If you look around, there are others selling Anonymous apparel, but trying to trademark the logo, and limit its use by others isn't just playing with fire, it's directly taunting a large group of people with weapons that shoot fire... and who have little hesitation in using them.
Some companies spend a lot of effort tweaking their logo and making sure their brand image stays shiny and new. But how much does it really matter? There are some truly iconic corporate logos, but it's really the businesses behind the logos that create the image of the company. Not the other way around. Or maybe a nice reliable-looking logo really does inspire a company and its employees to bleed purple or something....
Governments are pretty touchy about their logos. Last year, the FBI threw a hissy fit when it discovered that Wikipedia accurately displayed its logo on a page about (you guessed it) the FBI. Similarly, the White House got upset with a blogger who used the White House logo in a post about a meeting of the President's Council of Advisors on Science and Technology. And, while there is a federal law against misuse of logos, that's for people using the logos to misrepresent themselves. Going after Wikipedia or journalists for using logos in a descriptive manner is silly.
However, Fluvanna County, Virginia, decided that it had nothing better to do than to pass an ordinance similarly banning the use of its logo, in an effort that appeared to have been directed at a blogger who used the logo... on stories about the county. Thankfully, a court has struck down the law as being a First Amendment violation:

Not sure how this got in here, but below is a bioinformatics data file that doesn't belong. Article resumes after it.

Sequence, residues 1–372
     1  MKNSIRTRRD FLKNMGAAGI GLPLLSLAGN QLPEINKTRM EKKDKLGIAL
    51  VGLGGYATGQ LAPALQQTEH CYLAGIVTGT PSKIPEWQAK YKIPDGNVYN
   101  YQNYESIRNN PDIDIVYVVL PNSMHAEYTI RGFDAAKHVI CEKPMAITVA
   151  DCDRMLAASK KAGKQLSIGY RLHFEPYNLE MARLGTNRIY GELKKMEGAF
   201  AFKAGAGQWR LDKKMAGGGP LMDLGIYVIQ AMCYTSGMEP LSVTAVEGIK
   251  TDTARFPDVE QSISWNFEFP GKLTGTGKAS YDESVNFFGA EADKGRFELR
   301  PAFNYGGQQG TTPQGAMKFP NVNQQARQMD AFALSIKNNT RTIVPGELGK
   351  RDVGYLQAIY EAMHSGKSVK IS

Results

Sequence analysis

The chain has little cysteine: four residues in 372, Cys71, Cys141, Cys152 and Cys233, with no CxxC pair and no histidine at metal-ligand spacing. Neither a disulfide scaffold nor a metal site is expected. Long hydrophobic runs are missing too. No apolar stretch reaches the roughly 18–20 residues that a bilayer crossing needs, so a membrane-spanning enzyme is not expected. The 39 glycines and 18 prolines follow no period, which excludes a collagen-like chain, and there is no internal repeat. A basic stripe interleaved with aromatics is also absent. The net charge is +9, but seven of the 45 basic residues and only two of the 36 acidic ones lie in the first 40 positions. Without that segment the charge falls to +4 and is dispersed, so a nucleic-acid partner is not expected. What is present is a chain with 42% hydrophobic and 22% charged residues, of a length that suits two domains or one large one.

This sweeping prohibition encompasses a substantial number of uses of the seal that would not suggest government endorsement, such as the display on a website of an exact copy of an official County news release that contains the image of the seal next to the text, or the publication in a newspaper of a photograph of a County official delivering a speech from a podium upon which the County seal is attached and visible.
The court does compare it to the similar federal law, but notes that at least the federal law makes it clear that it's only intended for use where there may be confusion over a potential endorsement. And, with that, here's the damn logo that the county can't sue us over.
Shakespeare wrote: What's in a name? That which we call a rose. By any other name would smell as sweet. -- but how much does a company's name really matter? Here are a few quick links on corporate logos and some branding twists.
Last year, we wrote about the FBI threatening Wikipedia for having the FBI logo on its site. Wikipedia, thanks to its General Counsel Mike Godwin (of Godwin's Law fame), responded with a wonderful snarky reply. While the FBI backed down, it does not appear that the administration got the message that there are situations in which a website might post federal logos and not break the law. The latest involves the White House, who apparently got upset that blogger Keith Cowing (of SpaceRef.com -- a blog about science/space policy) included the White House logo in his post about a meeting of the President's Council of Advisors on Science and Technology. In response, the White House actually called Cowing and demanded he take down the logo. In case you're wondering, this is the logo: